The Holy Catholic Church is convoked in Synod. The theme of the Synod is “For a Synodal Church: Communion, Participation, and Mission.” It has officially opened on the 9th – 10th October 2021 in Rome and on the 17th of October in each particular Church. It is in preparation for the XVI Ordinary General Assembly of the Synod of bishops, in October 2023.
With this invitation, Pope Francis invites the entire Church to reflect on a theme that is decisive for its life and mission. God wills that all Christians to be united in Him and walk together to establish His Kingdom here on earth. This is the synodality Holy Father wants to actualize in his vision. This journey, which follows in the wake of the Church’s “renewal” proposed by the Second Vatican Council, is both a gift and a task: by journeying together and reflecting together on the journey that has been made, the church will be able to learn together Her experience which processes can help Her to live in communion, to achieve participation, to open herself to mission. Our ‘journeying together’ is in fact what most effectively enacts and manifests the nature of the Church as the pilgrim and missionary people of God.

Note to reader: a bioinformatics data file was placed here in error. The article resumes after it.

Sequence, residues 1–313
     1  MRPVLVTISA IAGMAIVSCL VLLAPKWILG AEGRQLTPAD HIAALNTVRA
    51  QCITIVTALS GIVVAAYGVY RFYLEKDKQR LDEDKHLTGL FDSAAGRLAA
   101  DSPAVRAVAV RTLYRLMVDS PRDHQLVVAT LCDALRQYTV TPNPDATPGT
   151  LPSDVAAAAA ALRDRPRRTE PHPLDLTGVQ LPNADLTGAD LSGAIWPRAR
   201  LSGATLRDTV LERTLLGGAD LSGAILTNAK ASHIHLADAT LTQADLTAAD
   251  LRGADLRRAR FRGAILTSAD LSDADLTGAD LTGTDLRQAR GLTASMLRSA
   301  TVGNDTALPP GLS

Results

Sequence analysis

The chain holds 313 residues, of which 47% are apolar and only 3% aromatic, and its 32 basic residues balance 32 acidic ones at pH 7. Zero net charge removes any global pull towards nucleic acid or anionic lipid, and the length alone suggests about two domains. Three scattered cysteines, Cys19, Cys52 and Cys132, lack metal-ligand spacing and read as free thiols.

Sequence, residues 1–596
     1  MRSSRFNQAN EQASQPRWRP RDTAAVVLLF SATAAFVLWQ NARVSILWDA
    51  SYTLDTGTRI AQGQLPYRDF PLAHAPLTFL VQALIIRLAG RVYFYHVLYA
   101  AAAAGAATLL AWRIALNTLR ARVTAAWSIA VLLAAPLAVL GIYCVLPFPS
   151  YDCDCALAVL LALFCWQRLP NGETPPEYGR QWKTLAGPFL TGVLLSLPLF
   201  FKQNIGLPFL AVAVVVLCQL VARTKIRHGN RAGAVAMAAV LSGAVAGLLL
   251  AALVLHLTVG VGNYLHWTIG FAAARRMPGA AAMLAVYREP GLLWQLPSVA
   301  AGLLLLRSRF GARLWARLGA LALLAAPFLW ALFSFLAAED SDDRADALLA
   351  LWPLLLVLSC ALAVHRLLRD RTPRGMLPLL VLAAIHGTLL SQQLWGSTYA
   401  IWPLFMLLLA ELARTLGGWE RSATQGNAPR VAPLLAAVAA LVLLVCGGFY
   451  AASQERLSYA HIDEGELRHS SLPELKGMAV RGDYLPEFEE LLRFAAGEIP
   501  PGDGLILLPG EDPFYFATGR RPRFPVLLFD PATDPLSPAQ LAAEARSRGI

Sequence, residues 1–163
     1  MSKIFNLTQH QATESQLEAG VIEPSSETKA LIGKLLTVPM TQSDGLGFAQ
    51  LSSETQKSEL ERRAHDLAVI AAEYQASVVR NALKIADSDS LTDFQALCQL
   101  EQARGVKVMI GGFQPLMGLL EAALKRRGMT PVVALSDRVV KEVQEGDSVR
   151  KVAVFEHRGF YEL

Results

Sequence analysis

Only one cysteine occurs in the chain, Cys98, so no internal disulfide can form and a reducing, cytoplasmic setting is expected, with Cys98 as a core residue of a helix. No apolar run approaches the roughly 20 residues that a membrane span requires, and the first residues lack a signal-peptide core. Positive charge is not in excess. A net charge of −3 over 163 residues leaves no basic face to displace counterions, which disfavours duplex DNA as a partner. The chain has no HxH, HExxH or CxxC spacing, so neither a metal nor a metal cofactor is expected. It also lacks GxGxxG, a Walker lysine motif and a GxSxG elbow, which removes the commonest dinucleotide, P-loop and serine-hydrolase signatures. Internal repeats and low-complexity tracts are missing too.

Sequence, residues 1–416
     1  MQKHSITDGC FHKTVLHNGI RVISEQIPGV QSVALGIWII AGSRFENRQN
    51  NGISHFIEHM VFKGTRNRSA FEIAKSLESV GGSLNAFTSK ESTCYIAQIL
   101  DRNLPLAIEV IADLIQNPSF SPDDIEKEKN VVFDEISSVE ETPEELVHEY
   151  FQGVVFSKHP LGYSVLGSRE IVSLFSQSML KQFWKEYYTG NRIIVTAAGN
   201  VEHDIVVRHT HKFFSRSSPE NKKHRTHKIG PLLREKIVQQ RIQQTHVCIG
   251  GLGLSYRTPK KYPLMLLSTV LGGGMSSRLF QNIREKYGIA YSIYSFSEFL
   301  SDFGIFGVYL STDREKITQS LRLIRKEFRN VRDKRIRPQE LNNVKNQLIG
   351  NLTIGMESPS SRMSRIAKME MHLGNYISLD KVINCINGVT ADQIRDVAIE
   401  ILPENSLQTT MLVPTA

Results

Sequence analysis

It is apt to know how does this journeying together which takes place today on different levels allow the Church to proclaim the Gospel in accordance with the mission entrusted to her and what steps does the spirit invite us to take in order to grow as a synodal Church.